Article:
Memphis

Dry rubbed pork
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¡dn ʇǝƃ ʇ,uɐɔ ı puɐ uǝllɐɟ ǝʌ,ı
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skelebone wrote:
MABBY wrote:
As bad as this all sounds (and even worse if you've heard of "pink slime"
...BUT what I don't quite understand about this is that these "leftover" bits that were supposed to be disgusting to eat are pretty much the same parts that a good cook or chef would use to make stock -- that is the central core of "good" soups and stews.

How very true. Good point!
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Jeff Wiles
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Buddy's BBQ in Knoxville is my place of choice for pulled pork.

Rendezvous in Memphis for ribs.
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Brian Morris
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Kansas City. It's where the cattle came too so they could die and become the best barbeque in the world.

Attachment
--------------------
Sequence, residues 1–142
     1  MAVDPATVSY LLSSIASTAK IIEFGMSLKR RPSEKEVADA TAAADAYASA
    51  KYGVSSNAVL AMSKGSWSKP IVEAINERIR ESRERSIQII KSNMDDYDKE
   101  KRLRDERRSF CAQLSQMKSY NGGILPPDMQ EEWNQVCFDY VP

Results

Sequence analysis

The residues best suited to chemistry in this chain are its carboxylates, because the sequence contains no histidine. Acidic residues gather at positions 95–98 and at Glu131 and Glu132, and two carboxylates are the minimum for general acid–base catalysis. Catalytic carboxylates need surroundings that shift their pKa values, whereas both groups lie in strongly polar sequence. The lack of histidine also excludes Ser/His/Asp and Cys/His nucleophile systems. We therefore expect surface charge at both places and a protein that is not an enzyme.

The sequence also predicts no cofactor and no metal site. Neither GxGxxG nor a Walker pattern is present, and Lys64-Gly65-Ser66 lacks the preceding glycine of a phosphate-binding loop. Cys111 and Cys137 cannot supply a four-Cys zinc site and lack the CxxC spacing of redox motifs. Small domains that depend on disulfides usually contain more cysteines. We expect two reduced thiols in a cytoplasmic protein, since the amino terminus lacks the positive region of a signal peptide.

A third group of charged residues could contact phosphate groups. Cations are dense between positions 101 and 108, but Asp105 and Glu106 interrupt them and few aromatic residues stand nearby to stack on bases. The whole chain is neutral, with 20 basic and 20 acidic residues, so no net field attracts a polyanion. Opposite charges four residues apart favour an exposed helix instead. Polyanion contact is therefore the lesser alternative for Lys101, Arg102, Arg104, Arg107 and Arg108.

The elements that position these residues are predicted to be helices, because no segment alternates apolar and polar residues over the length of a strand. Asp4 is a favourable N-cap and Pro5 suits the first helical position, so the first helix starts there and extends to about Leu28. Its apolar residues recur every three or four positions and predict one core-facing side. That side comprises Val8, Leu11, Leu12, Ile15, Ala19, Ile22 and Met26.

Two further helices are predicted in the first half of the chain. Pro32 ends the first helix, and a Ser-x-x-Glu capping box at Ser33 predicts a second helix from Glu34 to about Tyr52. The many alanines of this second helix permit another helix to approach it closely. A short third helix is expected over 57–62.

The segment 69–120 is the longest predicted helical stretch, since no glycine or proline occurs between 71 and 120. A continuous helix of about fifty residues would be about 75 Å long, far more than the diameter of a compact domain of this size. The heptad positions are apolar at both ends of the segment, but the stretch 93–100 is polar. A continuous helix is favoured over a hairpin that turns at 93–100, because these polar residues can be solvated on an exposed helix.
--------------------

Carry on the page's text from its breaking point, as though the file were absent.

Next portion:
http://en.wikipedia.org/wiki/Kansas_City-style_barbecue

The parking lot at Kansas City Chief football games has often been described as the best smelling place on earth. People arrive on Saturday morning to start cooking their barbeque for the game on Sunday. If you have never tasted barbeque ribs that were cooked for 10 hours you are missing one of the great thrills that make life worth living.

Our barbeque restaurants are legendary here. Oklahoma Joe's was named the manliest restaurant in America by Mens Health Magazine multiple times and Jack Stacks Barbeque has been named the best barbeque restaurant in the country multiple times by Restaurant magazine.

The public libraries in Kansas City by the way have special barbeque book sections.

The only problem is while you can't swing a cat without hitting a good barbeque joint here finding a good Japanese restaurant is near impossible.
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Very legal & very cool
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You call that trying to start an argument? All you've done is provide a forum for people to discuss BBQ joints

If you want an argument, we'll have to delve into the grim dichotomies that will forever split BBQ aficionados

Charcoal or gas?

Wood chips: soaked or dry?

(Charcoal, and soaked)